… all the towers peak with the four faces of Hinduism.

 

And more formal complexes ... complete with temples, palaces, walled cities, irrigation systems ...

And more formal complexes … complete with temples, palaces, walled cities, irrigation systems …

 

...

 

The walls brag of warfare and conquest.

The walls brag of warfare and conquest.

 

And statues depict spiritual warfare ... the eternal tug of war between good (these guys) ...

And statues depict spiritual warfare … the eternal tug of war between good (these guys) …

 

... and evil (these guys). This tug of war carving is repeated often and is called ... the Churning of the Ocean of Milk ...

… and evil (these guys). This tug of war carving is repeated often and is called … the Churning of the Ocean of Milk …

 

Angkor is attacked and defeated by Thailand and abandoned to the jungle ...

Angkor is attacked and defeated by Thailand and abandoned to the jungle …

 

A French missionary discovers the ruins in 1872 ... parts of Angkor have been left as he found them way back then.

A French missionary discovers the ruins in 1872 … parts of Angkor have been left as he found them way back then.

 

...

 

...

 

Roots and trunks intermingle with stone and almost seem part of the structures now ...

Roots and trunks intermingle with stone and almost seem part of the structures now …

 

...

 

...

 

...

 

...

 

...

 

...

 

...

 

The Ayuthaya Empire (Thailand): 16th and 17th AD with its heyday in 17th century.

In Thailand, 80 km north of Bangkok, is Ayuthaya, created in 1351. By 1685 it has 1 million people, double the population of London at the time.

In Thailand, 80 km north of Bangkok, is Ayuthaya, created in 1351. By 1685 it has 1 million people, double the population of London at the time.

 

Ayuthaya has moats, channels and a river to the sea. It is very progressive. There are concession areas for all the main seafaring nations.

Ayuthaya has moats, channels and a river to the sea. It is very progressive. There are concession areas for all the main seafaring nations.

 

Ayuthaya is sacked by the Burmese (Myanmar) in 1767.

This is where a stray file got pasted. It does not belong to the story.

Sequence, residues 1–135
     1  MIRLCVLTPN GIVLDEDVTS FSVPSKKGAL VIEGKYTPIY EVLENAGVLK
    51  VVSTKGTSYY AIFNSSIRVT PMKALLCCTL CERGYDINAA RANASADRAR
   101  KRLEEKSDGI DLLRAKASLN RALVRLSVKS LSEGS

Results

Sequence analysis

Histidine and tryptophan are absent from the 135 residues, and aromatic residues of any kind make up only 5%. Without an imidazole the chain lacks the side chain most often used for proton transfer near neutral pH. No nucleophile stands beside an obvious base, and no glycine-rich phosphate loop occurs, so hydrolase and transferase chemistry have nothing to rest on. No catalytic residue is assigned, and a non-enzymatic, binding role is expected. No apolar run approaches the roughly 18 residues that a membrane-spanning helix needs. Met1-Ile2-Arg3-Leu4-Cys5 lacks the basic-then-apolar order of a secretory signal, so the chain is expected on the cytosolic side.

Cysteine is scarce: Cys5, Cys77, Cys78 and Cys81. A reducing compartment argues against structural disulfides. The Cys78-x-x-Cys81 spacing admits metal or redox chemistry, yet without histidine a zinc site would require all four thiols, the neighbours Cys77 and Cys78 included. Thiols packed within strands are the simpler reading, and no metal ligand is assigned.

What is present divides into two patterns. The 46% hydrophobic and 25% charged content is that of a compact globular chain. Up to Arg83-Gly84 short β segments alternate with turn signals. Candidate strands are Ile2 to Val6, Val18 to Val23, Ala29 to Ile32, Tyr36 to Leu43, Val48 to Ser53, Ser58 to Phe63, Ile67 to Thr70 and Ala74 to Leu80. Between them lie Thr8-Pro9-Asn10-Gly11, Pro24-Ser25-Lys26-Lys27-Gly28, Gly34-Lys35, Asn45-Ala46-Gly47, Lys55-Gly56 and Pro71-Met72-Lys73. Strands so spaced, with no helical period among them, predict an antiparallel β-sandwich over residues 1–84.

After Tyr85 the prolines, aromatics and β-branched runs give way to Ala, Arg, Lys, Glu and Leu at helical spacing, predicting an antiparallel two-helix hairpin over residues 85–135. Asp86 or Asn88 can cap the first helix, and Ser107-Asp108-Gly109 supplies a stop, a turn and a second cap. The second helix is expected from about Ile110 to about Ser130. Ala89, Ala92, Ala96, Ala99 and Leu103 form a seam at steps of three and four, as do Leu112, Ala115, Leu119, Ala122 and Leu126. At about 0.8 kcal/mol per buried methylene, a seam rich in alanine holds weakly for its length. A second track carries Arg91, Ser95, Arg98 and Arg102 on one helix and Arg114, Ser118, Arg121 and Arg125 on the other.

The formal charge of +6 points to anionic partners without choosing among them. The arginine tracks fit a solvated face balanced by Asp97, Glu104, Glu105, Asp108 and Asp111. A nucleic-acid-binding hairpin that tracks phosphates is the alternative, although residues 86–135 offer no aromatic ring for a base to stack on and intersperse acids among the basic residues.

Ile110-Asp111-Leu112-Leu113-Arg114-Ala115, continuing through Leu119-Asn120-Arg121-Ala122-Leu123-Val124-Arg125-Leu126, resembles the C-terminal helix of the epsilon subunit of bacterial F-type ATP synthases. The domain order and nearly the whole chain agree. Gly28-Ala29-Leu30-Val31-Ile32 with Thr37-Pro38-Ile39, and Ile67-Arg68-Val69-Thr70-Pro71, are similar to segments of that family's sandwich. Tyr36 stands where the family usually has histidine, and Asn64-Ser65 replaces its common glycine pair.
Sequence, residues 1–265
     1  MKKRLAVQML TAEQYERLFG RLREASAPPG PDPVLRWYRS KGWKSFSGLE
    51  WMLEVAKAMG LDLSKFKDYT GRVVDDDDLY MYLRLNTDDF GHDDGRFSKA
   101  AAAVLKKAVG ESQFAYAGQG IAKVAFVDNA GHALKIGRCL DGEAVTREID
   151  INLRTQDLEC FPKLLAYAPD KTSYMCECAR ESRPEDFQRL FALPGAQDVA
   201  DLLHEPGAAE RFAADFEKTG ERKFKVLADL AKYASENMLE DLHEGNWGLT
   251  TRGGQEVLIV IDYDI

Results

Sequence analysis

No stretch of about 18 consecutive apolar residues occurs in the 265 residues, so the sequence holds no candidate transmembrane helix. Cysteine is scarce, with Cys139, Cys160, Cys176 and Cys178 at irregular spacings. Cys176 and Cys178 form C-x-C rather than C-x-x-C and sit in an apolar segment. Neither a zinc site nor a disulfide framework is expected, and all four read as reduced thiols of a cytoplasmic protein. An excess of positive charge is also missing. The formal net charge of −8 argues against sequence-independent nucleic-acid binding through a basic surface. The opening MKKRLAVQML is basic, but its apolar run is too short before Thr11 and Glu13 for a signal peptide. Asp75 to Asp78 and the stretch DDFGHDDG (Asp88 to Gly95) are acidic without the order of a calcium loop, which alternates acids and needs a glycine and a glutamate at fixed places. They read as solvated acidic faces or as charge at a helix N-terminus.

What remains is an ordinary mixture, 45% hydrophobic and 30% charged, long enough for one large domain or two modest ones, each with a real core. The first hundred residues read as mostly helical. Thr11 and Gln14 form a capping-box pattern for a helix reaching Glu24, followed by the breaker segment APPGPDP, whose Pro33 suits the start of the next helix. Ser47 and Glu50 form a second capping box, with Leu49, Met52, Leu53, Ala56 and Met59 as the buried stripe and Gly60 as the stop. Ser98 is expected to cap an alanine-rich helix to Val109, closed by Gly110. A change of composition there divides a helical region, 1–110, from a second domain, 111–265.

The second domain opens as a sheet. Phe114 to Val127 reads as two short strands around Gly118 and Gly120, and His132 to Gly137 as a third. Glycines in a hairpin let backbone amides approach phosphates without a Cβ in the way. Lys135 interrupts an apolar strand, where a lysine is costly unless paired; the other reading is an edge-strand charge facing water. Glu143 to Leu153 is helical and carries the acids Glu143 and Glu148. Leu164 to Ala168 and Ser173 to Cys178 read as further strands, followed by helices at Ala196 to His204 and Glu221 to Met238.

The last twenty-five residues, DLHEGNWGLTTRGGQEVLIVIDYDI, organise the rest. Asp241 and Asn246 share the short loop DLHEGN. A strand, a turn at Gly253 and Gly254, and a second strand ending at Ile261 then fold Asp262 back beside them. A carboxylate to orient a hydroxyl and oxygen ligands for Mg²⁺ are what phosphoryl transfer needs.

Ayuthaya is sacked by the Burmese (Myanmar) in 1767.

 

A famous shot ... a Buddha head, fallen off and trapped by the roots of the Boddhi tree (ironic - the same tree type under which he received enlightenment).

A famous shot … a Buddha head, fallen off and trapped by the roots of the Boddhi tree (ironic – the same tree type under which he received enlightenment).

 

The Mrauk U Empire (Myanmar): 17th and 18th AD with its heyday in 18th century. 

In west Myanmar is Mrauk U. Another dynasty, builds in the 17th century a temple complex. It has a free port and traders back then liken it to Venice.

In west Myanmar is Mrauk U. Another dynasty, builds in the 17th century a temple complex. It has a free port and traders back then liken it to Venice.

 

The amazing thing about Mrauk U is that the community still lives in and around the temples.

The amazing thing about Mrauk U is that the community still lives in and around the temples.

 

Here rice dries in the sun.

Here rice dries in the sun.

 

4 Responses to Power Shifts

  1. Jeff Botha

    Great overview of a little known region for me. Safe journey and look forward to the next instalment

  2. Jim and Muriel

    Again—-amazing facts and pictures—-most revealing—thank you !!

  3. Jan and Gail

    Yes: A wonderful composition. In fact you have a very tidy mind. Hstory however by nature, as you showed, is messy! Many Archeologists, Etnomologists or what ever other -ologists will never see what you and Harry have seen. The power of the jungle in these hot and humid climes is so impressive, seeing how it overpowers the works of man. Very interesting too for me, are the Burmese and Thai trading towns with access to the see and the concessions – defined areas where they could settle and trade – are fascinating. Were those from Europe i.e. Portuguese, Dutch, British and French all there, or only a few? May be the Chinese too and even other Asian people. One wonders. Once again THANK YOU! JAN

  4. Jan and Gail

    Wonderfully composed. I loved them all and in particular the power of the roots of the trees Gail